It would enable the Treasury, without Congressionally approved guidelines as to pricing or procedure, to purchase hundreds of billions of dollars of financial assets, and hire private firms to manage and sell them, presumably at their discretion There are no provisions for — or even promises of — disclosure, accountability or transparency. Any institution selling securities under this legislation to the Treasury Department shall not be allowed to compensate any officer or employee with a higher salary next year than that paid the president of the United States. - This would punish overpaid Wall Streeters and, more important, limit participation in the bailout to institutions really in trouble.
Michelle Malkin, another right wing conservative blogger had the following to say:

And this is a Republican White House presiding over the Mother of All Bailouts. Every step along the way since stimuluspalooza began last summer, we’ve heard that every bailout step was just a one-off. Each step was supposed to calm the markets. Each new government intervention and allocation of taxpayer dollars was supposed to achieve “stability.” Each new package of goodies rewarding irresponsible behavior and bad financial decisions was supposed to prevent new ones. None did. And now, here we are. This is your Bush legacy — not Pelosi’s, not Reid’s, not Obama’s: A ginormous bailout of every last, failing, panicked financial institution’s illiquid assets that may reach into the trillions — TRILLIONS – when all is said and done.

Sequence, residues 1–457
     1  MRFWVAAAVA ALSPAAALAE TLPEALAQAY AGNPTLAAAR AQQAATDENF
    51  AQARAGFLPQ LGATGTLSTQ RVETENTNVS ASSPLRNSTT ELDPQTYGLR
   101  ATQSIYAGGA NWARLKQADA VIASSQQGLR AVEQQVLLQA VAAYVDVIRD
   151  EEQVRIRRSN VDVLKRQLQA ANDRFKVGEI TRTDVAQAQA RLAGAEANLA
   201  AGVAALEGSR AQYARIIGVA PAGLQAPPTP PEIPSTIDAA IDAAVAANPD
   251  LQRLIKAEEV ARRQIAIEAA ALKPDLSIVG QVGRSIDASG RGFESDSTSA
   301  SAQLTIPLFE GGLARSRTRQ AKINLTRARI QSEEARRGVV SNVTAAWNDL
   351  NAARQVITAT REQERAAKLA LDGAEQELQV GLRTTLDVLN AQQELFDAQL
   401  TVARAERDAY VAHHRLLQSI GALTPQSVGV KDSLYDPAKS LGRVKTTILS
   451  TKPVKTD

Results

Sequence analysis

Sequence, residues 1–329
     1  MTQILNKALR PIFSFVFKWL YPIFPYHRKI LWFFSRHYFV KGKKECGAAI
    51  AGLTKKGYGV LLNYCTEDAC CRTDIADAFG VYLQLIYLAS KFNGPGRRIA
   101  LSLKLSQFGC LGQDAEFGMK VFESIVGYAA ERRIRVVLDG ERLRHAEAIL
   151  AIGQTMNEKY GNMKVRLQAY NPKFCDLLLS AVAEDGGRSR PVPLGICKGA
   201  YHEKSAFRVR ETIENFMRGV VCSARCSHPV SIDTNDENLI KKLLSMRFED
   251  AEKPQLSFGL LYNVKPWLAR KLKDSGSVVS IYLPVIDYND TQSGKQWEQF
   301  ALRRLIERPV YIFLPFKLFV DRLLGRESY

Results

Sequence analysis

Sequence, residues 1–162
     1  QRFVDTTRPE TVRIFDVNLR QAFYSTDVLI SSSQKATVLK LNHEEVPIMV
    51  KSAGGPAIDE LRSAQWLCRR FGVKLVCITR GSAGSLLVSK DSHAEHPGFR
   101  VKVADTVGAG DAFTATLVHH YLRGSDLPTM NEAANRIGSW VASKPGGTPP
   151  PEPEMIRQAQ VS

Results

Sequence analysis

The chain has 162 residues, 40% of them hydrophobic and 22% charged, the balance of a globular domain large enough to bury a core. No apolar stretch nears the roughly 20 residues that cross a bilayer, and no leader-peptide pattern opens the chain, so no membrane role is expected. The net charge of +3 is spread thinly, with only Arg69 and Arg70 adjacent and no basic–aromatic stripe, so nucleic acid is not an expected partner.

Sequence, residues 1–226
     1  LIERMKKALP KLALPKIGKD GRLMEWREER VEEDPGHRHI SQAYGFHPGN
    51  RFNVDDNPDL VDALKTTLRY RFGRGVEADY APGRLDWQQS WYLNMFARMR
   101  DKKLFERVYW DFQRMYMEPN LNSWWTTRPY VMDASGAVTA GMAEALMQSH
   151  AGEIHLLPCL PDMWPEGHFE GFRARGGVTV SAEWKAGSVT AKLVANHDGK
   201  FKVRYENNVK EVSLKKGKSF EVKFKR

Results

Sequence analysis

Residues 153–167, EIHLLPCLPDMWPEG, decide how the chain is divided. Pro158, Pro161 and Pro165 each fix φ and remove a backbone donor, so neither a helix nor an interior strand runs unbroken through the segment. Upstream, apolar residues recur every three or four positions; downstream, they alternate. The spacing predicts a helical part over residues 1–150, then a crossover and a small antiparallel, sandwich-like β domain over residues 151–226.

Paul Krugman, a Princeton economics professor calls it 'cash for trash'. He is right.

If the government is going to provide capital to financial firms, it should get what people who provide capital are entitled to — a share in ownership, so that all the gains if the rescue plan works don’t go to the people who made the mess in the first place. That’s what happened in the savings and loan crisis: the feds took over ownership of the bad banks, not just their bad assets.
It is especially frightening when Mr. Paulson is demanding what amounts to absolute unfettered authority over the overseeing, administration and the means to manage this $700,000,000,000.00 payout: He demands immunity from review “by any court of law or any administrative agency”. When public officers ask for enormous powers of this kind and ask for blanket protection from any screw-up – one should instinctively be cautious.

This was the same man who said the following with respect to the sub-prime mortgage crisis a couple of years back: “I don’t see (subprime mortgage market troubles) imposing a serious problem. I think it’s going to be largely contained”

Nobody is clamoring for killing the bailout – it will fry the financial world at this late juncture, all one asks for is accountability to the people, ownership by the people and regulation for the people.

Aaron Johnson, 'Star Crossed', Acrylic polymer and pigment on polyester flag, 93 x 128 inches. Photo from a recent visit to Aaron Johnson's show at the Stefan Stux Gallery (runs from 4 Sept - 18 Oct, 08). Reverse-painted acrylic polymer peel paintings on polyester American flags.

2 comments:

Tree said...

Lots I could write about this but feeling overwhelmed by all that's going on. It's all so horrible and scary and infuriating.

Sunil said...

Agree.